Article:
There’s also a surprising political side effect to having a higher proportion of the population be renters. In nations like Australia, people often vote to secure their property interests, which prevents the government from bringing forward meaningful housing reform, since real housing reform would reduce house prices and rental income (a big no-no for property owners).

Instead, Germany has become a nation of ‘rent-voters’, making renters a dominant electoral force. This keeps legislative emphasis on protecting renters too, not just landlords. Housing thus no longer becomes about accruing wealth but providing everyone with a place to live.

RELATED: 4 ways to save money on your rent

Nordic housing solution: Co-operative housing revolution

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Nordic countries have adopted this exact humanitarian mindset when it comes to affordable housing. In Finland, thanks to their “Housing First” policy, access to decent housing is viewed as a fundamental human right instead of privilege reserved for the worthy. As a result, Finland boasts one of the world’s lowest rates of homelessness (1 in 1,000 compared to Australia’s 5 in 1,000). 

Part of Scandinavia’s success – aside from incredible public housing – has been making affordable rental housing available through cooperatives. Housing cooperatives (“coops”) are residential complexes whereby owners don’t own their units outright, but each resident is a shareholder in a legal entity.

Similar shared property ownership schemes exist in Australia, such as strata title, but where strata is geared exclusively toward investors, Nordic coops allocate power to whomever lives there – even renters.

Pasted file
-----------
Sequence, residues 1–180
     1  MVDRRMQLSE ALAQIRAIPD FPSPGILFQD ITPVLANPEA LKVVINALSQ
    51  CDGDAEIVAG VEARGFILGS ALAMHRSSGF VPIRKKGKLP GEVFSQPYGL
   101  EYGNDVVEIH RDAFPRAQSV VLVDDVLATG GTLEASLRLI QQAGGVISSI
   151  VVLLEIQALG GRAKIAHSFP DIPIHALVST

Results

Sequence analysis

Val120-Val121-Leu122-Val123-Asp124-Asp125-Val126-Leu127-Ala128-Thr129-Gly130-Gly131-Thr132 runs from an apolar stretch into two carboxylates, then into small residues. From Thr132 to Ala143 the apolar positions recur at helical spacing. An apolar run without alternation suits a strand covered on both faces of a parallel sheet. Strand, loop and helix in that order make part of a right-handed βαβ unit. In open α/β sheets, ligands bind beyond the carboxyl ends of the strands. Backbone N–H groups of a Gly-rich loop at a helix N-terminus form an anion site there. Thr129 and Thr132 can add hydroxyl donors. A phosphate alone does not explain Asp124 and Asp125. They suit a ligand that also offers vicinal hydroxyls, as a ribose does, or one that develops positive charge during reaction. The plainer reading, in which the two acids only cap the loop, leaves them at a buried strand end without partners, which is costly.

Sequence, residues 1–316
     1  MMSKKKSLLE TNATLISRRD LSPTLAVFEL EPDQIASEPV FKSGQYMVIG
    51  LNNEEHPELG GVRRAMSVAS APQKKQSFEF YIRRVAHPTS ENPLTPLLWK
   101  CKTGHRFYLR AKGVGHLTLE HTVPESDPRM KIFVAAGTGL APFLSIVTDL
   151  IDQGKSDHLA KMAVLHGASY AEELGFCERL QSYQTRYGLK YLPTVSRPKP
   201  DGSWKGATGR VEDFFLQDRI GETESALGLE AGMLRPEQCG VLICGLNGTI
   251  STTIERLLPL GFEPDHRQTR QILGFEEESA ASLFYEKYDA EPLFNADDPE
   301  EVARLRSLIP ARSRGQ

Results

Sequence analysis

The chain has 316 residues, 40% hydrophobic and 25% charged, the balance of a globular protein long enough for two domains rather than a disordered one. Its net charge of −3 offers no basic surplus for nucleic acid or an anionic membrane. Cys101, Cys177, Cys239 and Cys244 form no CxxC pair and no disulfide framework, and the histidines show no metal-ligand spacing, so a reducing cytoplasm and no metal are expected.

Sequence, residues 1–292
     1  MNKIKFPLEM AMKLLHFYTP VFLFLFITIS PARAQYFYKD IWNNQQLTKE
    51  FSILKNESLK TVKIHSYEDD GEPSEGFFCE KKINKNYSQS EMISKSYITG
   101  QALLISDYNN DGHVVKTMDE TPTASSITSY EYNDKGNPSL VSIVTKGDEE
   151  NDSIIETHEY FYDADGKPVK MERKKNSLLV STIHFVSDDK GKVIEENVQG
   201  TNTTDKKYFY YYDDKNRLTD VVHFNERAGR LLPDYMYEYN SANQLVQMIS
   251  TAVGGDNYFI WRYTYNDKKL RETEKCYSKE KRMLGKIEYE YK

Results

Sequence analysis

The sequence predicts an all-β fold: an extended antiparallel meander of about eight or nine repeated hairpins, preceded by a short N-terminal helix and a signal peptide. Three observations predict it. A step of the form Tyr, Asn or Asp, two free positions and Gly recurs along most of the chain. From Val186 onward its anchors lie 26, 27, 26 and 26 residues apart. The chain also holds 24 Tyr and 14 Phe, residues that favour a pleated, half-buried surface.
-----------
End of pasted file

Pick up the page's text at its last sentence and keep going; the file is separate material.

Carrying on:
How does this work? Instead of operating for profit, Nordic cooperatives are there to serve the social and economic needs of communities. All coop residents regardless of home-owner status pool common resources and become actively involved in decision-making, management, and building maintenance. Any accrued rental revenue is then reinvested in new housing projects or upgrades, ensuring a standard of quality and access.

Nordic governments have passed supportive legislation to make sure these coops stay valuable to the community. Lower-interest loans for coops, like those in Denmark, help coops reduce construction costs and offer lower rents. Because of these policies, 20% of the Danish population lives in housing cooperatives, called Almene Boliger. 

In Norway, especially in Oslo where 40% of people live in a coop, this model has been crucial for securing decent housing for immigrants and the elderly, who are often most vulnerable to homelessness. Local legislation allows for the Norwegian government to buy or use 10% of all cooperative units to house such people with no other alternatives.

Comparatively, Australian cooperatives make up less than 1% of our housing sector. One can’t help but feel we aren’t using the concept to its full potential – especially now nearly one in five Aussie households are experiencing extreme rental stress.

How can Australia use the rental market to create affordable housing?

Hands reach for coloured bubbles. Collage, blue background.

Australian states and territories have proposed interventions in the rental market before, like Victoria’s rental housing scheme, but these are usually limited in area, aim, or impact. For a real change in how we rent, Australia will need to think ‘big picture’ and take some hints from our neighbours to the north. 

By balancing the owner/renter equation, we could not only relax some of the fierce competition at auction, but cool off the red-hot housing prices in Australian capitals. Owning property would no longer become a trophy, but a way of life more in the spirit of the Australian Dream. This could only make the market a smarter, more cost-effective place for everyone.

Curious about housing finance? Keep a finger on the pulse of Australian property through our home loan news hub.